(My son) asked one of the distributors if they sold that was good for the pancreas. The guy’s name who my son spoke to was Jesus.
Both Jesus and Rosalinda spent about an hour in my home, even though my son only asked for a product which could help my diabetes, the two distributors acted like doctors and “prescribed me” a bunch of supplements for every disease that I have. (They) told me not to tell our doctors at all.
They even managed to entangle my son into buying a lot of products for constipation. Everything ended up costing us $450.
They left us a handwritten receipt with the prices of each product along with the dosages that my son and I were supposed to take on a daily basis up to three times a day.
Later we noticed that the recommended use on the bottles was much less than what Jesus & Rosalinda told us to take.
That’s when we started getting suspicious, and we obviously realised what these two individuals were trying to do.
We immediately called Jesus & Rosalinda (and) at first they would not answer their phones, but I left them messages.
It wasn’t even an hour later when Jesus actually answered his phone and when we told him we wanted our $450 back, he stated that he and Rosalinda had already spent the money.
Sexual harassment by a Herbalife nutrition club owner’s friend (#154):
I was sexually harassed by one of the owner’s friends who happens to be a Herbalife distributor. When I complained both owners of the Herbalife nutritional club did not believe me.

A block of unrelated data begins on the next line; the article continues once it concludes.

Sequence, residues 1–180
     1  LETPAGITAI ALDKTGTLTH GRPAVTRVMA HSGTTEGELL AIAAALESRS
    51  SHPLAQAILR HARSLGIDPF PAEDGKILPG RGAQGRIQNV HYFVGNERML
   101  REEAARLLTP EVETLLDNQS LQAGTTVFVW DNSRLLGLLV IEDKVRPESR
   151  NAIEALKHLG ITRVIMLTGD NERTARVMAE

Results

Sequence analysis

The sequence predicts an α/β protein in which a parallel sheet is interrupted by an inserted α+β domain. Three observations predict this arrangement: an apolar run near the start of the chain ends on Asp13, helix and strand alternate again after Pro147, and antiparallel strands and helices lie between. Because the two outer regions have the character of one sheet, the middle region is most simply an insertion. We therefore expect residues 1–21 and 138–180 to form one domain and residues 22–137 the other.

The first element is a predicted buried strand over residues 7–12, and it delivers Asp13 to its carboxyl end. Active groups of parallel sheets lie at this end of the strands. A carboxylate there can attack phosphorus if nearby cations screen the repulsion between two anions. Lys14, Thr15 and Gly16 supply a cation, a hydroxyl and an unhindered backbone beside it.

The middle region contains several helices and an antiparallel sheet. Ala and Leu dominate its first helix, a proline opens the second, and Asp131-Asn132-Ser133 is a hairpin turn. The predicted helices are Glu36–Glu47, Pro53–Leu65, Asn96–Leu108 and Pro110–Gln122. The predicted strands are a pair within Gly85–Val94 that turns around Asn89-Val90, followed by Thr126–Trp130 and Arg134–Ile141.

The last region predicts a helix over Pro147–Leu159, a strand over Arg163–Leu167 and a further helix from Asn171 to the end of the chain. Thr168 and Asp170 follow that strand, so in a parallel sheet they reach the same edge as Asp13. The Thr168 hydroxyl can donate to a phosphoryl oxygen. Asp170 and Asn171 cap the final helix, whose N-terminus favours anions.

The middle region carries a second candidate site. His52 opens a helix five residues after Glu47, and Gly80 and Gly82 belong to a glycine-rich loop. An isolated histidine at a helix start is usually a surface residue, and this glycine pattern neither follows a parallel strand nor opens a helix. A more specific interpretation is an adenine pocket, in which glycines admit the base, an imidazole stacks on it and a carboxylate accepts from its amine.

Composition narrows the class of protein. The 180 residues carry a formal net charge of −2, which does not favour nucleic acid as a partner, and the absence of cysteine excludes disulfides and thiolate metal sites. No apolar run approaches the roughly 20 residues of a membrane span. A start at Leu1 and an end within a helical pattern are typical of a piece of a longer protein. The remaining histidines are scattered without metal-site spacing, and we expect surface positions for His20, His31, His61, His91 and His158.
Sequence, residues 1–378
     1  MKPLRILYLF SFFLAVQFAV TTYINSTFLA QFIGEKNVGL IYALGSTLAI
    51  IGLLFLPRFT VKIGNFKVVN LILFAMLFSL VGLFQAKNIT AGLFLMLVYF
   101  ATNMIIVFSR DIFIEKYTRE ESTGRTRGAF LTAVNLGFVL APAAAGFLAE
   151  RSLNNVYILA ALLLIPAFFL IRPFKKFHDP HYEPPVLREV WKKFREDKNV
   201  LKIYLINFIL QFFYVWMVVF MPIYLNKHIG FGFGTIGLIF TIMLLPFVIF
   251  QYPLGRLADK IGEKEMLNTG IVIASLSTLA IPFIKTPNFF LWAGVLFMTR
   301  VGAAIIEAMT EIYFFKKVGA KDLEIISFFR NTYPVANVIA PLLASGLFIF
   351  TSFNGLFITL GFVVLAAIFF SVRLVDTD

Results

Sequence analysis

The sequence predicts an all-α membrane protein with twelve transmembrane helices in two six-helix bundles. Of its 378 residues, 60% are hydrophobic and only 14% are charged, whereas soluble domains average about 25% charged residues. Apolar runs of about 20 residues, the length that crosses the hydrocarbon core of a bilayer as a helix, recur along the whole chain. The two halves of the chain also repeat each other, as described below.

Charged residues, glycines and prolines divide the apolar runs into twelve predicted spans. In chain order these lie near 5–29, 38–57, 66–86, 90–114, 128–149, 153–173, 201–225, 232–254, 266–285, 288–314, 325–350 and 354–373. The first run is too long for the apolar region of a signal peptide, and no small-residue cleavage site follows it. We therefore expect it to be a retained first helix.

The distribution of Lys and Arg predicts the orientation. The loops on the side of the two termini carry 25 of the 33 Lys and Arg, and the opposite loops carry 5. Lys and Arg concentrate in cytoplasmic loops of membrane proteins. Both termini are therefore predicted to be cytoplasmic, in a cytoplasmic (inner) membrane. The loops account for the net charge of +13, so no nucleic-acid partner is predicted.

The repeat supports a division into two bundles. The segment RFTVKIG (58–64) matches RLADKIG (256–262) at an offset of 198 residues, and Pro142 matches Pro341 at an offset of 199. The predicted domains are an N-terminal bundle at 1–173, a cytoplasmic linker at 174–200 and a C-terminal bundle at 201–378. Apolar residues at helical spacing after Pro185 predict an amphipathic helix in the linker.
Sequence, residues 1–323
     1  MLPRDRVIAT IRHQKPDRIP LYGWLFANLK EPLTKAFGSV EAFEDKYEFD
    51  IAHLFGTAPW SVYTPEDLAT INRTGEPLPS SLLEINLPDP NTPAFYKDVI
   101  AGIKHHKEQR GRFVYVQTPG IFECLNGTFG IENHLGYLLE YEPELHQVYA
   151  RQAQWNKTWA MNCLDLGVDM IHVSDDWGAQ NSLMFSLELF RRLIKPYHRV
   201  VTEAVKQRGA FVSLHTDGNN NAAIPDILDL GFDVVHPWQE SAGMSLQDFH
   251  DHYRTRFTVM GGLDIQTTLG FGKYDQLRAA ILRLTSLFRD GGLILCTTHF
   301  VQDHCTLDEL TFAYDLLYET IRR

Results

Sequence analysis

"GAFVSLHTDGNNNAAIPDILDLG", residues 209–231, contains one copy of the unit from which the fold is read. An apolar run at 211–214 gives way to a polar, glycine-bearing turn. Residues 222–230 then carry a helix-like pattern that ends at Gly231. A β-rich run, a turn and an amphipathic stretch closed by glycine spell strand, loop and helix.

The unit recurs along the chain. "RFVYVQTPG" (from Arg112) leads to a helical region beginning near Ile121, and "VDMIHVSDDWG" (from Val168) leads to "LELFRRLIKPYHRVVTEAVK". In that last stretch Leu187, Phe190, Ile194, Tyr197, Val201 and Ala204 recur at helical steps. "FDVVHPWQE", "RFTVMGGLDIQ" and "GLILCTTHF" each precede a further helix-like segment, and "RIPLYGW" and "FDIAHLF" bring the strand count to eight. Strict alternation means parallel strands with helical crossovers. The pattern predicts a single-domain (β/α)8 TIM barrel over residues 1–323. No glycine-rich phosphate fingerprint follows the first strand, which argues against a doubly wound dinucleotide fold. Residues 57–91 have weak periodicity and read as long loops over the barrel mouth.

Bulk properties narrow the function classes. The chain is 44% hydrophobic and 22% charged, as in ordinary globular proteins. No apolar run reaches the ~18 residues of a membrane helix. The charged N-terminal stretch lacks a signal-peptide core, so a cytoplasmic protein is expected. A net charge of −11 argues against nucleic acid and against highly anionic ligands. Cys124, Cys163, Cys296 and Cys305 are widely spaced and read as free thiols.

Only when I asked for my registration fee back did one of the owners call and apologise. She said she’d call back to apologise to my husband she never has and it has now been 2 weeks.
I fear when she gets my money for the refund of my registration she will not give it to me. I spent close to 300 or 400 dollars at their nutritional club only to be treated like a liar and a fool.
The man who sexually harassed me knew I was married and knew I was not interested. Meanwhile he made up an excuse why he continuously called me till 2 o’clock in the evening sending me text messages and blocking his number so I’d answer my cell.
This man is still working at that nutritional club among the female public.
And identity theft (#130):
Consumer says that she signed up with Herbalife and says that they hacked into her computer.
Consumer says they are trying to use and might be using her pictures.
Consumer called them and asked them not to use her pictures and they threatened her to call the police. Consumer says they haven’t used her information.
Fortunately most of the other complaints are of a more “normal” nature, with a great deal referring to issues trying to get refunds out of Herbalife distributors.
One particular complaint (#20) documents what appears to be an attempt by Herbalife to charge a distributor for years they weren’t a part of the company:
The consumer wrote that she decided to rejoin Herbalife and contacted a rep who told her that it would cost $10 to rejoin.
The consumer had been a member in 2003 and was charged the $10 for each of the years 2004, 2005 and 2006 plus the current year of 2007.
When the consumer told the company that they couldn’t charge her for the years that she didn’t use the service, the company didn’t agree.
Another (#77) details exhorbitant lead fees one Herbalife distributor was pushing onto their downline:
I joined Herbalife around April 3/11. I joined as a distributor to get 50% off the products when I sell to a customer.
They want you to buy lead without explaining that these are unrefundable and the company is in Barbados, so no chance of getting your money back.
First I ordered a Canadian lead which my coach did not tell me to not order, so I lose $500 when I quit. He told me “oh do not worry just order 2 more leads from the states”. So there went another $1000.
So now I am out $1500.